7. Security Considerations

Security concerns and requirements for a base VPLS solution are described in [RFC4665].

In addition, there are security considerations specific to multicast VPLS. Thus, a set of security issues have been identified that MUST be addressed when considering the design and deployment of multicast VPLS. Such issues have been described in Sections 5.5 and 6.6.

In particular, security requirements from the view of customers are shown in Section 5.5. Security requirements from the view of providers are shown in Section 6.6. Section 6.6.1 conducts security threat analysis about the provider's whole system. Section 6.6.2 explains how each threat can be addressed or mitigated.

8. Acknowledgments

The authors thank the contributors of [RFC4834] since the structure and content of this document were, for some sections, largely inspired by [RFC4834].

The authors also thank Yuichi Ikejiri, Jerry Ash, Bill Fenner, Vach Kompella, Shane Amante, Ben Niven-Jenkins, and Venu Hemige for their valuable reviews and feedback.

9. References

9.1. Normative References

   [RFC2119]   Bradner, S., "Key words for use in RFCs to Indicate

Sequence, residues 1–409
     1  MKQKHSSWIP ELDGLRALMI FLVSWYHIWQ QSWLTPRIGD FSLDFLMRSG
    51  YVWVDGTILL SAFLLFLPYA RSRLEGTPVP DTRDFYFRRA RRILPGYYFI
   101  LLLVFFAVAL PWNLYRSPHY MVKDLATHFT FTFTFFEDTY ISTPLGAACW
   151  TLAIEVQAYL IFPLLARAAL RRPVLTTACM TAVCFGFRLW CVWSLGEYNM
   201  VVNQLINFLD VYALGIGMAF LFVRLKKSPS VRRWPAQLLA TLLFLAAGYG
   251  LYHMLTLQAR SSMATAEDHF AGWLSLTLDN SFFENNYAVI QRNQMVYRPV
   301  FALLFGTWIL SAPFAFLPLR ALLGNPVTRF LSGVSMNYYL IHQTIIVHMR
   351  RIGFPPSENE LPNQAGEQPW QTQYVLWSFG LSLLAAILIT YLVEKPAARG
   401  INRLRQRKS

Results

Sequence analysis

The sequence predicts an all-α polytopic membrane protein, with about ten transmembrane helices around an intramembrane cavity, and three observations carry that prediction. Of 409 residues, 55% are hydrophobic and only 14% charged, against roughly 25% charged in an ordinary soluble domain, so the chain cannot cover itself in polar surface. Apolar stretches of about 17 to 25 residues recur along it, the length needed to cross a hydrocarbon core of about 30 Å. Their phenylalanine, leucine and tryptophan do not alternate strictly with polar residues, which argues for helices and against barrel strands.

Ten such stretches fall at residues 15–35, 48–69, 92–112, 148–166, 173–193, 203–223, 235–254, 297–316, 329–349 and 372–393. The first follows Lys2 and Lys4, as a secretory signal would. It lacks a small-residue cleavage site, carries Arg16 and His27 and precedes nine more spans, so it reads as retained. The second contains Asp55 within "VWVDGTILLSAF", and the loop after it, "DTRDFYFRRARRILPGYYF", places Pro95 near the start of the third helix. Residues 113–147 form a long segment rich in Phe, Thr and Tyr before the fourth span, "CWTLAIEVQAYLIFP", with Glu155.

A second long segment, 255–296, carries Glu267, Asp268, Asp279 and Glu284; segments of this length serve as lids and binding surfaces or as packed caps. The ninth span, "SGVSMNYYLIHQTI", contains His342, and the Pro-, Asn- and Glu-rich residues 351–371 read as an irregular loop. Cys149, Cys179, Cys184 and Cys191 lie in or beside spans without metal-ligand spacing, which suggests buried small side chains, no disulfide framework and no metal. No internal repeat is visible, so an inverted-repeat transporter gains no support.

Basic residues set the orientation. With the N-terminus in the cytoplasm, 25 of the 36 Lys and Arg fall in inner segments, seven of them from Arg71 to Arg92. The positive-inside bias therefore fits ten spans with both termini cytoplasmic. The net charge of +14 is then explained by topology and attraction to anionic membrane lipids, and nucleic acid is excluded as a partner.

Requirement Levels", BCP 14, RFC 2119, March 1997.
   [RFC4665]   Augustyn, W. and Y. Serbest, "Service Requirements for
               Layer 2 Provider-Provisioned Virtual Private Networks",
               RFC 4665, September 2006.

9.2. Informative References

   [802.1D]    IEEE Std 802.1D-2004, "IEEE Standard for Local and
               Metropolitan Area Networks: Media Access Control (MAC)
               Bridges", 2004.
   [802.1ag]   IEEE Std 802.1ag-2007, "Virtual Bridged Local Area
               Networks - Amendment 5: Connectivity Fault Management",
   [802.1s]    IEEE Std 802.1s-2002, "Virtual Bridged Local Area
               Networks - Amendment 3: Multiple Spanning Trees", 2002.
   [CGMP]      Farinacci, D., Tweedly, A., and T. Speakman, "Cisco Group
               Management Protocol (CGMP)", 1996/1997,
   [LDP-P2MP]  Minei, I., Ed., Kompella, K., Wijnands, I., and B.
               Thomas, "Label Distribution Protocol Extensions for